Traverse file structure from top and rename the immediate parent

Discussion in 'Programming/Scripts' started by sahil_jammu, May 25, 2011.

  1. sahil_jammu

    sahil_jammu New Member

    Hello All,

    I am trying to write a script to:-

    1. Traverse entire file system, look for directories which has .git directory in it
    2. Rename the immediate parent directory to <orignal_name.git>
    3. Traverse new file structure and look for all directories with <original_name>.git
    4. cd to that directory and remove its contents
    5. once everything inside the directory is deleted, create a file

    Step 1:- find * -type d -iname '.git'
    Step 2:-
    function rename_git_parent
    for file in "$1"/*
    cd .. | $(pwd) -exec mv '{}' '{}'.dir ';'
    return 1

    //i am not too sure if its the right way of doing it, or shall i use dirname..

    How shall i go about step2 and ownwards...
  2. sahil_jammu

    sahil_jammu New Member

    Got the solution:-
    This will find all directories named .git, and make sure their parent directories have names ending with .git:
    find / -depth -type d -name .git -printf '%h\0' | while read -d "" old ; do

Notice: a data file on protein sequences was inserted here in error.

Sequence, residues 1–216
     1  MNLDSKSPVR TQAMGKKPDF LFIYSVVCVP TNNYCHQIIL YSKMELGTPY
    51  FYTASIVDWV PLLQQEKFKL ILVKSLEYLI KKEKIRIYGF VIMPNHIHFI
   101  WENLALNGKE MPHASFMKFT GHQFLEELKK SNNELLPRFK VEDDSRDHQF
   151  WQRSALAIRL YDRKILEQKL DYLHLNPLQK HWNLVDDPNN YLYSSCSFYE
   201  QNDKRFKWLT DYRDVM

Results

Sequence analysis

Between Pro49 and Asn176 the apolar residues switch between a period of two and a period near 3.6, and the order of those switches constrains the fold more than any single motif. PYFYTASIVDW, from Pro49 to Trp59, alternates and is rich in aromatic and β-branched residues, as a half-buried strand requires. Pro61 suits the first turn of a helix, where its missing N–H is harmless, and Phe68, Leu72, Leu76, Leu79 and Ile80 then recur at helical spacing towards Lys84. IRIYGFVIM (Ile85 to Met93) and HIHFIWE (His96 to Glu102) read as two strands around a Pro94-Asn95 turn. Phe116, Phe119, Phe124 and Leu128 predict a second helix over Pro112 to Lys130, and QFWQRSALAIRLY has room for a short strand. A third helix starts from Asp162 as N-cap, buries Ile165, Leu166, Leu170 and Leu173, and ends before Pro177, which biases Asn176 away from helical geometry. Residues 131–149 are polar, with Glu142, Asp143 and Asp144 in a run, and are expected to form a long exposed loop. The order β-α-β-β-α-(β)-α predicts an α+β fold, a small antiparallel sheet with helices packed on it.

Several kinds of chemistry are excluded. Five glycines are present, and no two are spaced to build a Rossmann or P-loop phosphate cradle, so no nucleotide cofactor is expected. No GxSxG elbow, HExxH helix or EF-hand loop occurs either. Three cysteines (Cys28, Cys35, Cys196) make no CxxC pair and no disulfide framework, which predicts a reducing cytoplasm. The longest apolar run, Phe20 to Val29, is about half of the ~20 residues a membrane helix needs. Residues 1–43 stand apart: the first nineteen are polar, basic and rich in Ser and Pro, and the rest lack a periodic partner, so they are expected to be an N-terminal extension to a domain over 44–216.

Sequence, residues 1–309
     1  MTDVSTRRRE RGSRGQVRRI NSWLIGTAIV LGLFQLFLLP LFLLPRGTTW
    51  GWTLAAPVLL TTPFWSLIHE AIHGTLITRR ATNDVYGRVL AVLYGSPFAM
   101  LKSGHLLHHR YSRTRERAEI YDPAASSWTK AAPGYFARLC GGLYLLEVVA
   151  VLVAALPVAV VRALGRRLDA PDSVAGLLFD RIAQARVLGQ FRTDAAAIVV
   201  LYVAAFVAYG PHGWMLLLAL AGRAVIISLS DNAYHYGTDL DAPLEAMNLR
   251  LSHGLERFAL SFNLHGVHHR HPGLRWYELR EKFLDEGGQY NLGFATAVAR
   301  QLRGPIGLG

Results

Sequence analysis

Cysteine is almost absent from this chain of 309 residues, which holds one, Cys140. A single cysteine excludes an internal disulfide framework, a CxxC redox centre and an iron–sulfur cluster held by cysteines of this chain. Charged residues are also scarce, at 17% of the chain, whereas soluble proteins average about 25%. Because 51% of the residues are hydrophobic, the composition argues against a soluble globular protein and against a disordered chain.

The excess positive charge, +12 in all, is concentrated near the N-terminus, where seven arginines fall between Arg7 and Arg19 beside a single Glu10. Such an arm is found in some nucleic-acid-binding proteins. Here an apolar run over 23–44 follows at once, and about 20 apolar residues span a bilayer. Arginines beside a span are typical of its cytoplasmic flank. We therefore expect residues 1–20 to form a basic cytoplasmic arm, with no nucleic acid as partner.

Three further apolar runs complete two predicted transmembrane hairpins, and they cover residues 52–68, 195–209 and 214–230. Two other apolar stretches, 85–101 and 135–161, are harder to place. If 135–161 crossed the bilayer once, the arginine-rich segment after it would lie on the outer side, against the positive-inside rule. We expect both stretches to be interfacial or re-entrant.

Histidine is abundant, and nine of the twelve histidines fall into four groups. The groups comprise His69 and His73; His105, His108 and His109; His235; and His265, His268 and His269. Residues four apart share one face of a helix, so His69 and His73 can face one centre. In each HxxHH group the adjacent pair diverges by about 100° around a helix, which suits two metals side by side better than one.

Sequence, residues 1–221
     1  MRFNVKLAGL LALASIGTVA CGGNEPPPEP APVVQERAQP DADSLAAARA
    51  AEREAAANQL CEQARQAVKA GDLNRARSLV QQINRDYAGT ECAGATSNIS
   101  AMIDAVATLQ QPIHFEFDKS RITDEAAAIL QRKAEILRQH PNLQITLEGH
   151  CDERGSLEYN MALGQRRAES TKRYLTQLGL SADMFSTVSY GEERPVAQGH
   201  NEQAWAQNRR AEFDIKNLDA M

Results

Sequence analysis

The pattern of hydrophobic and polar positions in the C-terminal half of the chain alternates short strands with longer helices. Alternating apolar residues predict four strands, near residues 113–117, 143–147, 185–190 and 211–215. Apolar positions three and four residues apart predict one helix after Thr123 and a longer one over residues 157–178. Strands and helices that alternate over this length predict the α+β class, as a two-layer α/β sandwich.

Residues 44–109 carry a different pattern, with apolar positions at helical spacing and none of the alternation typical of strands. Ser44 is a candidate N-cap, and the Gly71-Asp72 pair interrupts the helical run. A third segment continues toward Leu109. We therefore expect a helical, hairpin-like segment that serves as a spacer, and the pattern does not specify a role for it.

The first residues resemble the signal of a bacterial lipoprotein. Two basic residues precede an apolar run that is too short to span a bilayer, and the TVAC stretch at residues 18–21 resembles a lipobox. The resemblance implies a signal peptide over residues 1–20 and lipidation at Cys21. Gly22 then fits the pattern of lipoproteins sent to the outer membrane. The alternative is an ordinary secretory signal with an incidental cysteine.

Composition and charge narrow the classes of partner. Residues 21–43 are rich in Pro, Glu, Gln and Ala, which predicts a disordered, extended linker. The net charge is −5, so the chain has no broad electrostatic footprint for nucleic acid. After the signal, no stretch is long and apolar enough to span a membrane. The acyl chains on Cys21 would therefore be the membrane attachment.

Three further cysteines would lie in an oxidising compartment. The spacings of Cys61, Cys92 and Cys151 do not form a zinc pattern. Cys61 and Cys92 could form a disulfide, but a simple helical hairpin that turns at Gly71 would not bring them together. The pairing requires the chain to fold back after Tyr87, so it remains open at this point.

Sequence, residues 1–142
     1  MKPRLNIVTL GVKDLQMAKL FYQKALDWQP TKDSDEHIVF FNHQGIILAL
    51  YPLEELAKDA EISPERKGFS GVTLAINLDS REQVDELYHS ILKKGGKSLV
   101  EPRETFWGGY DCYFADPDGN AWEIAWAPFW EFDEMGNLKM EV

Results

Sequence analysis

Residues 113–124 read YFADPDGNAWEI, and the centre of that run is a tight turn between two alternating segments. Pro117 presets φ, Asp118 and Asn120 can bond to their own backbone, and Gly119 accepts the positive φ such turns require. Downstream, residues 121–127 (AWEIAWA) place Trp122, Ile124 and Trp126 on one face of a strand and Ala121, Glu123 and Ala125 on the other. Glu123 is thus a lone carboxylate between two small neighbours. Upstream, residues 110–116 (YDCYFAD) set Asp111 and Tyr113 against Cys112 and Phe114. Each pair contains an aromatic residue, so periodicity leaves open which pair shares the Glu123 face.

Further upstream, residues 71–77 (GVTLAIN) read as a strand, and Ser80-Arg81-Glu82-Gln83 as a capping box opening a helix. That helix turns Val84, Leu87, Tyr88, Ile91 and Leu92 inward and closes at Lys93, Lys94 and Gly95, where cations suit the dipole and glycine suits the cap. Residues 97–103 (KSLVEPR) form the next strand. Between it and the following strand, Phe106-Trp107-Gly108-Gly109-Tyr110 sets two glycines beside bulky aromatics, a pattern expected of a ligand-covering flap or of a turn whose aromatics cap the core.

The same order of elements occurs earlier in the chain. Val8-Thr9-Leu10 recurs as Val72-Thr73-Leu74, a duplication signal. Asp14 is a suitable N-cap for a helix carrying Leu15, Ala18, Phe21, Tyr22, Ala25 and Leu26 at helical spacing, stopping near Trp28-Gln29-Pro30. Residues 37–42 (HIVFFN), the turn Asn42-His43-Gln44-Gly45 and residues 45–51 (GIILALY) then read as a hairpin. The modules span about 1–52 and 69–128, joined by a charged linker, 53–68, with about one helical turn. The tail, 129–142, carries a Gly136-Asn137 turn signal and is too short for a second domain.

[ ! -d "$old" ] && continue
    [ "$old" == "$new" ] && continue

    if [ -e "$new" ]; then
    echo "$new: Already exists" >&2
    mv -vi "$old" "$new"
    The -depth flag will tell find to descend first, so that all child directories are checked before a parent directory. The -printf '%h\0' option will output the parent directory name and a NUL separator (zero byte; the only thing you cannot have in pathnames). If using Bash, the -d "" option to the read builtin will read such NUL-separated pathnames; other shells won't support that.

    (If you are not using Bash, use -printf "%h\n" | while read dir ; do instead. It'll bork if you have directories with a newline in their names, though.)

    The first continue test checks if this directory has already been renamed something else. (I think it is impossible for that to happen, but it doesn't hurt to check.)
    The second continue test checks if the directory already has an acceptable name.

    If the new directory name is still available, the directory is renamed.

    This will find empty all directories that have names ending in .git (but not just .git), and create file "file" in it:
    find / -depth -type d -name '?*.git' -printf '%p\0' | while read -d "" dir ; do
    find "$dir/" -depth -mindepth 1 -delete
    touch "$dir/file"
    The glob pattern ?*.git matches (anything not empty).git .

    The inner find deletes everything in the directory, but not the directory itself (since minimum depth is 1). Although rm usually feels like the choice for this, it'd either delete the directory itself too, skip any files or subdirectories having a dot in the name, or throw an error about nonexistent files, depending on what you supply to it. If you delete and then recreate the directory, you'll lose any extended attributes. So, surprisingly, find is better for this.

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